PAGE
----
With his hair flying and his dressing gown open, Leonard Bernstein bear-hugs poet June Jordan.

"J.J.," he says, "I hope you didn't mind my treatment of your poem."

It is backstage at the Kennedy Center after Tuesday night's premiere performance of Berstein's "Songfest." Bernstein is alternately meeting Jordan for the first time, enthusing about his arrangement of her "Okay, Negroes," against Langston Hughes' "I, Too, America," in somewhat confusing counter point and explaining his concept to the poet.

"I just loved it when those two poems knit," he says.

"For you . . ." Jordan says demurely, the first and only shot she is going to get in at the maestro. "I'd like to hear it again."

Misinterpreting her statement, Bernstein calls to one of his aides, "We can get her tickets, can't we? To tomorrow night's performances? The President's coming to that one. I think he and the rest of the world are watching the baseball game tonight."

There is laughter among the other people crammed into the small dressing room. "You're coming to the party, aren't you?" asks Bernstein, Jordan barely manages an "Ahh," before Bernstein terminates the audience. "We can talk more then."

Jordan and a friend and fellow peot, E. Ethelbert Miller, are eased from the dressing room and left to stand outside.

For though Jordan is the only one of the 13 poets whose works are featured to "Songfest" to attend the performance (10 are dead, and the other two, Lawrence Ferlinghetti and Gregory Corse, couldn't be located by Bernstein's staff), she is on the brink of fame, not famous enough to command a lot of attention. She is a minor note to the evening.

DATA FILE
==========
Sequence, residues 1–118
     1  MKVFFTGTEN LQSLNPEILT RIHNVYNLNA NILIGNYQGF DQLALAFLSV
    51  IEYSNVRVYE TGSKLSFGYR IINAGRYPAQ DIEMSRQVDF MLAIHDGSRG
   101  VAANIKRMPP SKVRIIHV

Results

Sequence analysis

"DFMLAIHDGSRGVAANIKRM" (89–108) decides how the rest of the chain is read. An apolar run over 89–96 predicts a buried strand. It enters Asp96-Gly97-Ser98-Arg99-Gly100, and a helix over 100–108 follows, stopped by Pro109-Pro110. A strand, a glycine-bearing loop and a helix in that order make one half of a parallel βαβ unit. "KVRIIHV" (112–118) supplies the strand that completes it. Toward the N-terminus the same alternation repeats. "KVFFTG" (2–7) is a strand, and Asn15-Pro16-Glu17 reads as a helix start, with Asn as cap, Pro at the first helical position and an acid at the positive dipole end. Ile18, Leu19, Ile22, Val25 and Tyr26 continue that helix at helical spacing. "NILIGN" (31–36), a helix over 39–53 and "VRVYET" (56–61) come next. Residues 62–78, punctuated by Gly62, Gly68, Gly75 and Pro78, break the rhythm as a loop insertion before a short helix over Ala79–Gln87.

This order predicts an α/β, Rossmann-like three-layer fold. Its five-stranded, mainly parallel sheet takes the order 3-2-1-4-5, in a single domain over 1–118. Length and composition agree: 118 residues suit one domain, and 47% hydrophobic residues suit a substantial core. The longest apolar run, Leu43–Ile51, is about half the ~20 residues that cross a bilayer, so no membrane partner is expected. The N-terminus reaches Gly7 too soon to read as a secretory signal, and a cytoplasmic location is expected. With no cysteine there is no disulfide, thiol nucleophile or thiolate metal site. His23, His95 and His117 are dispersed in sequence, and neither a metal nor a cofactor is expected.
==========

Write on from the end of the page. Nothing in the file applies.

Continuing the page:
Later at the George Town Club, where the post-performance party is being held, a valet has to be prompted to park the somewhat battered '73 Fiat that Jordan has arrived in. And at the door, there is the slighest hesitation, a momentary hiatus as to what to do with the unknown, not yet famous blacks.

Once inside and settled with two friends, Jordan is approached by one of the party about whether she would like to meet "Mrs. Warner."

"Mrs. Warner?" says Jordan.

"Formerly Elizabeth Taylor," the man informs her.

"Sure, why not," says Jordan, starting to get up from her seat. "Shall I come with you, or should I stay here?"

The man tells her to remain seated, but is back almost instantly to tell her to come to meet Taylor. "She's limping," he explains, as Jordan climbs out of a booth and makes her way around tables and people to Taylor.

It's all part of the education of Jordan as she enters the ranks of the recognizably successful. With eight books of poetry and one novel published Jordan has already received the Prix de Rome and a Rockefeller Creative Writing Award. Her latest book of poems. "Things That: I Do in the Dark," was touted in The New York Times Book Review.

The only daughter of Jamaican parents, the 41-year-old Jordan recalls the next day the various schisms in her life.

"As a kid growing up in Bedford-Stuyvesant, I lead a split life. On the one hand my father would have me reading 'Rebecca of Sunnybrook Farm' and the 'Autobiography of Ben-JAMIN Franklin," but on the other hand I was a member of a girl gang. It was the heyday of the big gans, and the only way to survive was to belong to one. The dominant action of school was violence. You knew you had to fight every day. I hated it, but I fought every day. As a member of the Royal Bops, I finctioned very much as a thug."

Because she was a precocious child, her parents sent her out of the neighborhood to a predominantly white junior high school.